Eugene Hosts World Junior Track and Field Championships

Run, Jump, Throw

Morgan Lake became very familiar with Hayward field as she won the Heptathlon and High Jump. (image: British Athletics)

In most years, the track world would be centrally focused on a world championships or Olympics right now. However, with world championships held on odd years and Olympics in their own quadrennial cycle, there is a gap every four years from these popular events. This allows several smaller championships to shine through during this period and different story lines appear to fill the gap.

The World Junior Track and Field Championships took place this past weekend in Eugene, Oregon and many of the world’s best young track athletes made history. It was the first world championship held in the United States since the World Cross Country Championships occurred in Boston in 1992. With the full spectrum of events held over 6 days of competition, there are far too many stories to cover in just one article. But with many young stars turning out performances that rival their much older peers on the open circuit, the meet certainly deserves mention.

Mary Cain may have endured more pre-race attention than any other participant in the World Junior Championships as she approached the 3000m race last Thursday. The Alberto Salazar prodigy did not disappoint as she won the first ever medal for an American junior athlete in a distance above 800m. Having come into the race with plenty of international experience at the senior level, her step down to the junior level for a race in her current home state of Oregon came with extraordinary expectations. Yet, she delivered the win over a pair of talented Kenyan runners and continued to impress her spectators.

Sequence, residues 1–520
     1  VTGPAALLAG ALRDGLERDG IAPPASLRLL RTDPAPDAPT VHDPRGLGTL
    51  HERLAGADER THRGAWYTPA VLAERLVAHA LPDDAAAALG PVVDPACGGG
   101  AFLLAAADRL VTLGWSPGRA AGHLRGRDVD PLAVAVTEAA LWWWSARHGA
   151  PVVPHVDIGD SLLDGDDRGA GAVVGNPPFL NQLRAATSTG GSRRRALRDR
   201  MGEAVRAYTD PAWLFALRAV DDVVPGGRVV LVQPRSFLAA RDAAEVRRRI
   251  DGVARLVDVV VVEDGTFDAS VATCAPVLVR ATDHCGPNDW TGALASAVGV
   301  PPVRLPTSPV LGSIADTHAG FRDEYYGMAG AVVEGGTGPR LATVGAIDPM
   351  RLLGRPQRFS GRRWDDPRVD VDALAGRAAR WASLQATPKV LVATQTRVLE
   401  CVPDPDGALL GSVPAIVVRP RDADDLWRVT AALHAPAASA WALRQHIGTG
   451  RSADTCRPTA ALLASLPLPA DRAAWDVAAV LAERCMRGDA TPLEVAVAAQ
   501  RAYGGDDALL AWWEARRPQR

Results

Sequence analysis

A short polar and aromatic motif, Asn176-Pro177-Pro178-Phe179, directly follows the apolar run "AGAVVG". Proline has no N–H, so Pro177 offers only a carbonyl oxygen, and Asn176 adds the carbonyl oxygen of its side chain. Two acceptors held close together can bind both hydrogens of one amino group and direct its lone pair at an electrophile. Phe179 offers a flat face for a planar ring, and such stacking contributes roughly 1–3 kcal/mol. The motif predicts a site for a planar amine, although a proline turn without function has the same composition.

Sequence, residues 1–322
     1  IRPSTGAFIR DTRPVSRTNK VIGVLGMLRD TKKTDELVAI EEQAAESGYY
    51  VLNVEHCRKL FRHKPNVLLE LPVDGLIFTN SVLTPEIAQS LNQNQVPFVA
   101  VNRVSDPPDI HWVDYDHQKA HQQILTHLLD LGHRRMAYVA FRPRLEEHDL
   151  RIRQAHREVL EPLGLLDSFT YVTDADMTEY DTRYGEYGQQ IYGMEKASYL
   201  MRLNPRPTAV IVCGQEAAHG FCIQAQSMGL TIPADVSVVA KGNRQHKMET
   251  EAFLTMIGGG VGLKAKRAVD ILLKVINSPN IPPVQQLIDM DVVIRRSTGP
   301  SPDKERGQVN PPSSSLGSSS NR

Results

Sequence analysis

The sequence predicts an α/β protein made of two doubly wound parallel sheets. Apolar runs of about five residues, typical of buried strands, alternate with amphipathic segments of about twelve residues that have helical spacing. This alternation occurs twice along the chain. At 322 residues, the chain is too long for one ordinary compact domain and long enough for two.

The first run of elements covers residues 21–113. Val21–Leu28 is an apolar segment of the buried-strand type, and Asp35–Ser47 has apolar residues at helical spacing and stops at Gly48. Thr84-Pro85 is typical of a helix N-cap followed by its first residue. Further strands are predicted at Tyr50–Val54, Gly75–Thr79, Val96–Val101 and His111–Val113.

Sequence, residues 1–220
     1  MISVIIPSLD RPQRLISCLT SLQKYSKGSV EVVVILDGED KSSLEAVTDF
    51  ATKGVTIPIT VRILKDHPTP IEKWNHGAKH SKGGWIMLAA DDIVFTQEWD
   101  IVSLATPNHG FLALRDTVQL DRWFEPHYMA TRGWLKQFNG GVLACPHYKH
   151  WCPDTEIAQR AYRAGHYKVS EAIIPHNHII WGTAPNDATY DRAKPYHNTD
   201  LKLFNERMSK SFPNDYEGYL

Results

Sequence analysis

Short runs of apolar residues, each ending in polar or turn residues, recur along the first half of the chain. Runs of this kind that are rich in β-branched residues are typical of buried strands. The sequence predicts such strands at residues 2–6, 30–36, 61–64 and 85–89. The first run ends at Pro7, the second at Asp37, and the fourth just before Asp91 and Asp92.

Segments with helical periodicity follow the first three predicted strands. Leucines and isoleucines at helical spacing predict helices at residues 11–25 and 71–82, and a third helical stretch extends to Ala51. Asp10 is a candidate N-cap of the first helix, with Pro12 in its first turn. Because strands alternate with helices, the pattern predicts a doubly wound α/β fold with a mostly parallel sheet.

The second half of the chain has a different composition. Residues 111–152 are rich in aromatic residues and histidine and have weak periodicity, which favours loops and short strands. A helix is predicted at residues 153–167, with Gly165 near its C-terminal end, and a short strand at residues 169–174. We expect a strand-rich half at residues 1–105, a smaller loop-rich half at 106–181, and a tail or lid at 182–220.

Mary Cain runs for gold.

Mary Cain adds "World Champion" to her resume. (image: Getty)

While Mary’s event showing may have garnered the most attention from the American crowd, there were many other great performances by future stars around the world. Perhaps the most impressive performance of the meet came from Frenchman, Wilhem Belocian, who became the first 110m hurdler to break 13 seconds as a teenager.  His time of 12.99 demolished the previous world junior record and has him tied for third in the world for the year.

Belocian and Cain certainly rewrote the history books, but no athlete was busier over the weekend than Brit, Morgan Lake. The 17-year-old Heptathlete skipped the Common Wealth games to focus on competition her own age and broke the world youth record in the process. Her decision to learn a variety of events did not lessen her competitiveness at individual events either, as she broke the British junior record in the high jump during her heptathlon before coming back to win the high jump in the open competition. She was the only athlete of the weekend to win multiple medals and after running, jumping, and throwing 8 times on the Hayward field, the crowd will certainly remember Lake’s name for a while.

There were many more great performances by future track stars that won’t fit in the blog. For more – IAAF day recaps. (link goes to day 6, related links go to other days)

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